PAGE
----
While COVID-19 is spreading globally, many countries are forced to self-quarantine to slow the spread of the virus. The UN Educational, Scientific and Cultural Organization counts that at least 138 countries have closed schools across the country. The suspension of these schools has vastly affected students’ learning, and the long-term closure of schools will exacerbate educational inequality (Van Lancker & Parolin, 2020; McQuaide, 2009). This educational inequality will be reflected in regions and urban and rural areas. Trying to achieve academic judgment is the future development direction of education. (Xie, Naminse, Liu, & Yi, 2020) believe that the Chinese government should narrow the gap between rural residents’ access to the Internet and help communities relieve pressure during the COVID-19 epidemic. As mentioned above, we must make changes from traditional face-to-face teaching to online learning. Due to the spread of COVID-19, the country is obliged to apply online teaching, and online learning has become the mainstream learning form during this period. There is no doubt that this will be an opportunity for the development of online education. We will take this opportunity to explore the current adaptability of K-12 students to online learning, and provide some proposals for online education.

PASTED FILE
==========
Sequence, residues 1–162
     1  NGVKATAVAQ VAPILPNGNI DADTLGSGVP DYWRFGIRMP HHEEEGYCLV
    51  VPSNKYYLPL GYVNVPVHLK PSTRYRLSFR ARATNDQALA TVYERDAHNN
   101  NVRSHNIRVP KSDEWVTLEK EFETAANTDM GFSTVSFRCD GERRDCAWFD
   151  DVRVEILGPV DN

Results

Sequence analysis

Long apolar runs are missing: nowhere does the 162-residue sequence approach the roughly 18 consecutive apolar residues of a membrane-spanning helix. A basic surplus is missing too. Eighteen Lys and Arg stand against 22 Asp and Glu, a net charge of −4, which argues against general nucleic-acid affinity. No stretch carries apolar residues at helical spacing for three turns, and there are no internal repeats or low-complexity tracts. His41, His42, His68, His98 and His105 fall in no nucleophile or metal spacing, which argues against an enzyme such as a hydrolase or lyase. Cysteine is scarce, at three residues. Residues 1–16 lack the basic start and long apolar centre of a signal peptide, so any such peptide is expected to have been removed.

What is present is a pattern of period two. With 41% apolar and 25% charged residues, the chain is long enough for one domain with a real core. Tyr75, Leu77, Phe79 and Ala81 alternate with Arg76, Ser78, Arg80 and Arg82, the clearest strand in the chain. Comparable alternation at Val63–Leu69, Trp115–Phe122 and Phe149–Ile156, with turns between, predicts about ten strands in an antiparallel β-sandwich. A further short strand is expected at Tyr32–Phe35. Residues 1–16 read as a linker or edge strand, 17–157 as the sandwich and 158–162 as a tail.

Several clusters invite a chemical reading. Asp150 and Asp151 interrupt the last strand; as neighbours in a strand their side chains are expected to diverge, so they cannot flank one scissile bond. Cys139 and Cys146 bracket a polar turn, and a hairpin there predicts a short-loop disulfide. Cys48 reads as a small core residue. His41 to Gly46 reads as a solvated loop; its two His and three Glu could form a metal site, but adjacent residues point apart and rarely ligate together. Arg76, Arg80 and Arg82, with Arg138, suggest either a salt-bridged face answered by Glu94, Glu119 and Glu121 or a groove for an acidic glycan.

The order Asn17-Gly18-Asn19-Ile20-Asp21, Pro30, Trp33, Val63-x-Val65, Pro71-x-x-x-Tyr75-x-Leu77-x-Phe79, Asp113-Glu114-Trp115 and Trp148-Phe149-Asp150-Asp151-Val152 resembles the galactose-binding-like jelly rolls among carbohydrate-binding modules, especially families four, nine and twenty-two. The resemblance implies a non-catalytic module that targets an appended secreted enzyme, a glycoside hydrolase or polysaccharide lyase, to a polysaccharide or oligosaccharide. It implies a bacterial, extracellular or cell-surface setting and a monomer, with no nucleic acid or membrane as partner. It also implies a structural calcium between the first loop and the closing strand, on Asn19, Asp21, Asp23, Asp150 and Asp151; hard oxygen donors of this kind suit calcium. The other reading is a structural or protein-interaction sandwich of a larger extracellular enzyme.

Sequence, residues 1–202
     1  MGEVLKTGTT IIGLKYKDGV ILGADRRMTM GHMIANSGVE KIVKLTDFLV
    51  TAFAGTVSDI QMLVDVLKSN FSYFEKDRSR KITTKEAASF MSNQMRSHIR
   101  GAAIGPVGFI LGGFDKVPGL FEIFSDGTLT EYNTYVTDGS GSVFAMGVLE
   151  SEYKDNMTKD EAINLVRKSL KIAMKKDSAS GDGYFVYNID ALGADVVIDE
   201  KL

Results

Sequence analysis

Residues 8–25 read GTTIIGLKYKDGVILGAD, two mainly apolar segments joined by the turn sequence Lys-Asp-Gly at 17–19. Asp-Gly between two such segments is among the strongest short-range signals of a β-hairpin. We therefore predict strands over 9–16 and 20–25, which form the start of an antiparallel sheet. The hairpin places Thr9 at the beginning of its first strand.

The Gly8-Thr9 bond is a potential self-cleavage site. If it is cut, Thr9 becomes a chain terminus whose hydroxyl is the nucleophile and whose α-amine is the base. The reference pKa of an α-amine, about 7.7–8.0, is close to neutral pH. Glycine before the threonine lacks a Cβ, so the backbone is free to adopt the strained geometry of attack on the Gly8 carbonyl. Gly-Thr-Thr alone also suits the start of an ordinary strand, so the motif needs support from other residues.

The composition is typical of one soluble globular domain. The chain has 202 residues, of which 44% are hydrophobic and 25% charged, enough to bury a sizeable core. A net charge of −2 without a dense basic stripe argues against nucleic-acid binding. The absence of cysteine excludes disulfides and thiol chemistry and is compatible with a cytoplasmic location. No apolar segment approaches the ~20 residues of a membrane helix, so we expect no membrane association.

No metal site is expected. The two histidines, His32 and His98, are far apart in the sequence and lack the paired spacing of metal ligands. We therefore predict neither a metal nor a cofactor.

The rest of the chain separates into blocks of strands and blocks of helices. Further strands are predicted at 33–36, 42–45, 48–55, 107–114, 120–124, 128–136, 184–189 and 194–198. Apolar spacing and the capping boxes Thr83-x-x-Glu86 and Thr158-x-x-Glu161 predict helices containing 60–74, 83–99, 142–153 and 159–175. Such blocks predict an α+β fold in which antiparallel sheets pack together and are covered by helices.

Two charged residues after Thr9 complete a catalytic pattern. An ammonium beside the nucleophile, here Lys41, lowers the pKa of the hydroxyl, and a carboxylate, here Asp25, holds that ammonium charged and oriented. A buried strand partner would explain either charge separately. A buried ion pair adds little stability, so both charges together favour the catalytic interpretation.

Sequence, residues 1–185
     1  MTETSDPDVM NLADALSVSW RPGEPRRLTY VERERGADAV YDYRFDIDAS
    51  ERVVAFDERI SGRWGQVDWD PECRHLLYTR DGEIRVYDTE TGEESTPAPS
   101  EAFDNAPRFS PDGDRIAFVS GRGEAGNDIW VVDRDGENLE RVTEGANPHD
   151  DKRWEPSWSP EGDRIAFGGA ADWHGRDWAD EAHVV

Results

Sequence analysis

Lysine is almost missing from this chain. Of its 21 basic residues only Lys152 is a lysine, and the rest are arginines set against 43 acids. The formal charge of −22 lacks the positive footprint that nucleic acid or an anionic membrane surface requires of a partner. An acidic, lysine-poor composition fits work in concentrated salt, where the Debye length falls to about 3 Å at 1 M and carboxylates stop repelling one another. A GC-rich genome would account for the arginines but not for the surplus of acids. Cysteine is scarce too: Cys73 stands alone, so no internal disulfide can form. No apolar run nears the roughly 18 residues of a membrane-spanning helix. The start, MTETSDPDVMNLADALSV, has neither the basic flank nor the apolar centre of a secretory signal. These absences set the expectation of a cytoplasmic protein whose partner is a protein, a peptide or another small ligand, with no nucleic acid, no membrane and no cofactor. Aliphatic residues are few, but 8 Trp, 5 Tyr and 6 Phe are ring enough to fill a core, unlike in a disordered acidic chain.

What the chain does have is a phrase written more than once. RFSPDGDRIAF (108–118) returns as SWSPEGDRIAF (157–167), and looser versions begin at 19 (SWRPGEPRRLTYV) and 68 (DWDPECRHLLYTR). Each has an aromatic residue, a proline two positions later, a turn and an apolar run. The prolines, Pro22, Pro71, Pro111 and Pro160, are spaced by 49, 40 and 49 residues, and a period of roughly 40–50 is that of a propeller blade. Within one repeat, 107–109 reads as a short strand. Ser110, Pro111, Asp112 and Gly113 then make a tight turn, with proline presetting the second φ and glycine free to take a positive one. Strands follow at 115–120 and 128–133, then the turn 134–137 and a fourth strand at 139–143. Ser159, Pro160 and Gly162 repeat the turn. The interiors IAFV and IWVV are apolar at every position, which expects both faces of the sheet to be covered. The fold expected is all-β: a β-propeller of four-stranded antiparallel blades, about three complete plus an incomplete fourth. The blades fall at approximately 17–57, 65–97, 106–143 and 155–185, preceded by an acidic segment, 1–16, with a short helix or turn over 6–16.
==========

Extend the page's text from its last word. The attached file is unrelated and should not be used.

The advantage of online learning education is to expand the benefit of education and increase the possibility of learning opportunities, improving student self-learning ability and skills. However, young learners lack self-regulation, and there will be some sharp problems in the online learning process (Barbour & Reeves, 2009). Previously, a few countries where K-12 education was dominant, like Canada and the United States, had an online education penetration rate of less than 10% (Barbour & LaBonte, 2015). Although China has vigorously promoted online education in the past decade and attempted to adopt online education to enrich teaching resources and enhance public services, students who apply online learning are still rare (Huang, Teo, & Zhou, 2020). There have been some online learning attempts in some economically developed areas of China, but this large-scale online learning is the first time. Therefore, quantitative analyzing the satisfaction in this large-scale online education can improve the effectiveness of online teaching, thereby making the penetration rate of online education higher. Giving some suggestions for online teaching will help improve the effectiveness of online teaching and increase the penetration rate of online education.